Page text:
She was born Jane Dee, on November 26, 1907 in Los Angeles, California. She was the daughter of an Army officer who grew up in Chicago after her father was transferred there when she was still a toddler. After he was re-stationed to Los Angeles in the late '20s, Jane accompanied him back.
Although she didn't harbor any serious intentions of becoming a star, Dee, almost out of curiosity, found work in Hollywood as an extra. With bit parts in small features in the films Words and Music (1929), True to the Navy, and Monte Carlo (both 1930), it didn't take long for studio executives to take notice of the sleek, stylish brunette. They changed her first name to Francis, and gave her a prominent role opposite Maurice Chevalier in one of the first all-talking musicals, The Playboy of Paris (1930).
She proved she could handle drama in her next big hit, An American Tragedy (1931) as Sondra Finchley, the role played by Elizabeth Taylor in the George Stevens' remake A Place in the Sun (1951). She met her husband Joel McCrea while filming The Silver Cord (1933), and after a romantic courtship, were married that same year in Rye, New York. It was well-known within film industry circles that their 57-year marriage (ending in 1990 when McCrea passed away) was one of the most successful among Hollywood stars.
From there, Dee played important leads in several fine motion pictures thoughout the decade: Little Women (1933), starring Katharine Hepburn; Blood Money (also 1933), where she was cast thrillingly against type as a sex-hungry socialite whose taste for masochistic boyfriends leads to harrowing results; Of Human Bondage (1934), in which she played Leslie Howard's devoted girlfriend; The Gay Deception (1935), a charming romantic comedy co-starring Frances Lederer; Wells Fargo (1937) a broad sweeping Western where she again teamed up with her husband McCrea; and the classic period epic If I Were King (1938) making a marvelous match for Ronald Colman.
Dee's film career slowed considerably in the '40s, as she honorably spent more time raising her family. Still, she was featured in two fine films: the profound, moving anti-Nazi drama So Ends Our Night (1941) with Fredric March; and Val Lewton's terrific cult hit I Walked with a Zombie (1943), portraying the inquisitive nurse trying to unravel the mystery of voodoo occurrences on a West Indian plantation. Dee officially retired after starring in the family film Gypsy Colt (1954) to commit herself full-time to her children and her husband.
For those so inclined, you might want to check out Complicated Women (2003), a tight documentary regarding the racy Pre-Code films that represented a realistic depiction of the Depression-era morality before the Hays code took over Hollywood in 1934. Frances Dee, although well in her nineties, offers some lucid insight into her performance in Blood Money, and clearly demonstrates an actor's process of thought and understanding in role development.
She is survived by three sons including the actor Jody McCrea, who found fame as "Bonehead" in the AIP Beach Party films of the '60s, six grandchildren and two great-grandchildren.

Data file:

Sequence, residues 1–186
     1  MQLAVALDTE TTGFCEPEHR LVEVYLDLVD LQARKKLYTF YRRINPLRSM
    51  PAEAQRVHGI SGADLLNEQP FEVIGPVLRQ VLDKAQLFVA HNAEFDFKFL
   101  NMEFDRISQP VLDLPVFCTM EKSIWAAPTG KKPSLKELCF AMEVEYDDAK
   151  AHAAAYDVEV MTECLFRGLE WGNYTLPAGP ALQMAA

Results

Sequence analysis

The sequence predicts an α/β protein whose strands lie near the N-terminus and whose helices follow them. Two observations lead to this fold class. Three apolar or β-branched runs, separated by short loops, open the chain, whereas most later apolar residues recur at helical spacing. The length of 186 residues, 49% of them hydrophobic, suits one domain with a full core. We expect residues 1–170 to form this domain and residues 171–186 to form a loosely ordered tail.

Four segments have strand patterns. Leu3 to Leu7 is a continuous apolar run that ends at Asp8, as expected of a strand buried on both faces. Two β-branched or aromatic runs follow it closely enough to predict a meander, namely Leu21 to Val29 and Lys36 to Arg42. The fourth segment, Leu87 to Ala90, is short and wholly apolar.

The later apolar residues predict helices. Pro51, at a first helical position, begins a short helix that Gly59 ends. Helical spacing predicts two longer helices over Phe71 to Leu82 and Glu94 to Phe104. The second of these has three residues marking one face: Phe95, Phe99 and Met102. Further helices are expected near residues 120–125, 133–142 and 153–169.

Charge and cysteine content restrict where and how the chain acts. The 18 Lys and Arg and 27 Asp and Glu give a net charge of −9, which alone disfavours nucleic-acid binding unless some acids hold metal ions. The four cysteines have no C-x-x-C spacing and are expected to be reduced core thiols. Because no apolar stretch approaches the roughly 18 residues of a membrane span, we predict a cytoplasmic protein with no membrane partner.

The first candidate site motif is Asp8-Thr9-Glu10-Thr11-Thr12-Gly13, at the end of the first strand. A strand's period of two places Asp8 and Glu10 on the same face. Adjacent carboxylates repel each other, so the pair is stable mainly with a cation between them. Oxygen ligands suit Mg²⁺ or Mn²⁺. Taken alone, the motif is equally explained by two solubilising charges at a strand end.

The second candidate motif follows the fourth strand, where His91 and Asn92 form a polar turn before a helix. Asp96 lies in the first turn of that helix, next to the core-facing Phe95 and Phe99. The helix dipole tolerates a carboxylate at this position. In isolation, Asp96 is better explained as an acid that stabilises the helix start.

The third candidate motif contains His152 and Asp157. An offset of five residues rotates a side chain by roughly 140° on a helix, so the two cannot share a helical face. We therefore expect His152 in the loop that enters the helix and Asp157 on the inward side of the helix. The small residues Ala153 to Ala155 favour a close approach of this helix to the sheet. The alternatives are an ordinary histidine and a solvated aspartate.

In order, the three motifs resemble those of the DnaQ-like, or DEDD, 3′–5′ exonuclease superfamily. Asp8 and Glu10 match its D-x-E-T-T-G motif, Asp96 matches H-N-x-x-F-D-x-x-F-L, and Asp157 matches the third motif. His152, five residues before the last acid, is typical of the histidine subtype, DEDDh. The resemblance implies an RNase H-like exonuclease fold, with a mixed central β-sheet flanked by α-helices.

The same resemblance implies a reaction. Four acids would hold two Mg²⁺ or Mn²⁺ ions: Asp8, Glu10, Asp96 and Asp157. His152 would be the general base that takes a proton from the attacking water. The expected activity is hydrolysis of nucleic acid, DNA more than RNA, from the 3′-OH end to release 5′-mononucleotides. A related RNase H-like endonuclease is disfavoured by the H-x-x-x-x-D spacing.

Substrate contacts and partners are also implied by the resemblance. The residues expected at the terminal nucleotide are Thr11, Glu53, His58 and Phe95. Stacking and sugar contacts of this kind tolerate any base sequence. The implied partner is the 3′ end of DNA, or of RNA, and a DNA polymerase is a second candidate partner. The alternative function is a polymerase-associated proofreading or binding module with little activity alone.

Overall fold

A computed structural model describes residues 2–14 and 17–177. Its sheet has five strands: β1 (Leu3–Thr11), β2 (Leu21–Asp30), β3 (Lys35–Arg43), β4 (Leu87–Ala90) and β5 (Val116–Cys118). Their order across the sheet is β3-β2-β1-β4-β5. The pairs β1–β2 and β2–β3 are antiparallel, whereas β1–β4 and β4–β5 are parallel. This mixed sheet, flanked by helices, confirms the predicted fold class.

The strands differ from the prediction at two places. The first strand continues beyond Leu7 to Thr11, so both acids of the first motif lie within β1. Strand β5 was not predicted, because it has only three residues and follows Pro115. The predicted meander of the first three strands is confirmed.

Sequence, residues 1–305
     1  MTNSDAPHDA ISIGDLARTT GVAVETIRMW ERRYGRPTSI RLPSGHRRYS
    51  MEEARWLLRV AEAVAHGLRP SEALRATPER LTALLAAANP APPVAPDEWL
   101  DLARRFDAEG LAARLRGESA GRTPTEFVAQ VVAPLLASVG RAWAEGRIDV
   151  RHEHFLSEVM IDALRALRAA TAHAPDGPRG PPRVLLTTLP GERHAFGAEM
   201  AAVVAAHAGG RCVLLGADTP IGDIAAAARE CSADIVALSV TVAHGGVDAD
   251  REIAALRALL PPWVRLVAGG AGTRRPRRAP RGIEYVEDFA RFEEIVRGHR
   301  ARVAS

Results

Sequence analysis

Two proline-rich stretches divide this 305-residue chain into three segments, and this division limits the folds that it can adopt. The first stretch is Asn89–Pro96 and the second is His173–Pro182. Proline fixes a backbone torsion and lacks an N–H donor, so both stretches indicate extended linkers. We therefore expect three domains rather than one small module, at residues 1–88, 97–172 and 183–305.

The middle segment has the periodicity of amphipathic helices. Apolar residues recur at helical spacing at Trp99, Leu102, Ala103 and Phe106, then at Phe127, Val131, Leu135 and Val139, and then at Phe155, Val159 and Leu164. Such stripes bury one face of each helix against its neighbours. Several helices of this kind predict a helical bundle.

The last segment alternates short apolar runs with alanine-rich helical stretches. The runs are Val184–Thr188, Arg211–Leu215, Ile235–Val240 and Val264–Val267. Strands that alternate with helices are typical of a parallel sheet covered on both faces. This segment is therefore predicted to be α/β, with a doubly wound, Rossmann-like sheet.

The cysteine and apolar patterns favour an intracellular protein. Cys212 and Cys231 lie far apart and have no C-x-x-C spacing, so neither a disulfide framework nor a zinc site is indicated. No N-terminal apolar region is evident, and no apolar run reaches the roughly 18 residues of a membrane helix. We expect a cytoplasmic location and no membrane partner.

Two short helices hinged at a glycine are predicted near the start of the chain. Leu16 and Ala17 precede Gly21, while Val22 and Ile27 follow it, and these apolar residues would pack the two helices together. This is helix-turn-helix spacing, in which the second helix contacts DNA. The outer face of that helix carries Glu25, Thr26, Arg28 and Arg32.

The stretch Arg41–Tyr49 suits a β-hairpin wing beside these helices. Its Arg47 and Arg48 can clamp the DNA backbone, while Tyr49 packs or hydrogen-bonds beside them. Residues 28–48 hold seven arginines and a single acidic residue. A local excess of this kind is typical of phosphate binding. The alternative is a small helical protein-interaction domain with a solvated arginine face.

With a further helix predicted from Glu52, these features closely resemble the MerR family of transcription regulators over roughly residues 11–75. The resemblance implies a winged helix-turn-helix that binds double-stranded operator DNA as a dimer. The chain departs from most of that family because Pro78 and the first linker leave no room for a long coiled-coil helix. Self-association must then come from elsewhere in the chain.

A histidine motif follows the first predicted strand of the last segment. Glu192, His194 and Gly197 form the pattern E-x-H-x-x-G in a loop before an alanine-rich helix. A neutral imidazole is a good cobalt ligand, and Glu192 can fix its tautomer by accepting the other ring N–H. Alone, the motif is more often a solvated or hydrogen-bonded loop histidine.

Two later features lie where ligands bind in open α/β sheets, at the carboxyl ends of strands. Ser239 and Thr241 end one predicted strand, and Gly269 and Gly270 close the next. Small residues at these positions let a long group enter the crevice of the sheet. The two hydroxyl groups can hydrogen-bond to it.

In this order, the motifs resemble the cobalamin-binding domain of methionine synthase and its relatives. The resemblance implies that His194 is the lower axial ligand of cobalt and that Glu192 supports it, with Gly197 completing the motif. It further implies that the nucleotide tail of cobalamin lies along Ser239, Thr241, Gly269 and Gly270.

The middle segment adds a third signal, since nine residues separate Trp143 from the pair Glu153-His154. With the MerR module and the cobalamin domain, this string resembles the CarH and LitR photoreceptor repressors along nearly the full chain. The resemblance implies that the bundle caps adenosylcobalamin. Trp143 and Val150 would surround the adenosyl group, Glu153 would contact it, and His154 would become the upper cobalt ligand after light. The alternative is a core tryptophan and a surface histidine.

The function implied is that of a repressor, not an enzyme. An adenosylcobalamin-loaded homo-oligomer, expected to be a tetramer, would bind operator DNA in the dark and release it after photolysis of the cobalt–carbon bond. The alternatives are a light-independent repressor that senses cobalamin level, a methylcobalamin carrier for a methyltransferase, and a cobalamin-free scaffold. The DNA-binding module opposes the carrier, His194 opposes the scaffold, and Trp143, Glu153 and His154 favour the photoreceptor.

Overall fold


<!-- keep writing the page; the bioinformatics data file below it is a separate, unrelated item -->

by Michael T. Toole
Frances Dee (1907-2004)
Jane Cowl's last film.
Originally titled "The Story of a Divorce"
The film was made before Bette Davis' comeback film, "All About Eve", but wasn't released until the year after.
The working title of this film was Story of a Divorce. The picture marked Bette Davis' first free-lance appearance after being a contract star at Warner Bros. for eighteen years. Gwenaud Productions, which co-produced the picture with RKO, was owned by Bruce Manning and Jack H. Skirball. According to a January 5, 1950 Daily Variety news item, Robert Young was first slated to co-star with Davis in the picture. In late January 1950, Hollywood Reporter announced that RKO was arranging to borrow Wendell Corey from Hal Wallis' company for the male lead. RKO borrowed Barry Sullivan from M-G-M, Betty Lynn from Twentieth Century-Fox and Peggie Castle from Universal for the production. Davis' three-year-old daughter, Barbara Davis Sherry, made her screen debut in the film, appearing as Davis' fictional daughter "Diana."
Payment on Demand marked the final screen appearance of actress Jane Cowl, who died on June 22, 1950. It also marked the return of actress Frances Dee, who had been absent from the screen for three years. Her previous film was the 1948 United Artists release Four Faces West (see AFI Catalog of Feature Films, 1941-50). Night location shooting took place at Los Angeles International Airport in Inglewood, CA, according to a mid-March 1950 Hollywood Reporter news item. According to the Time review, just prior to the film's release, producers Manning and Skirball, uncertain whether to conclude the story with a reconciliation scene, tested four different endings with preview audiences. On September 3, 1951, Davis and Sullivan reprised their roles in a Lux Radio Theatre adaptation of the story.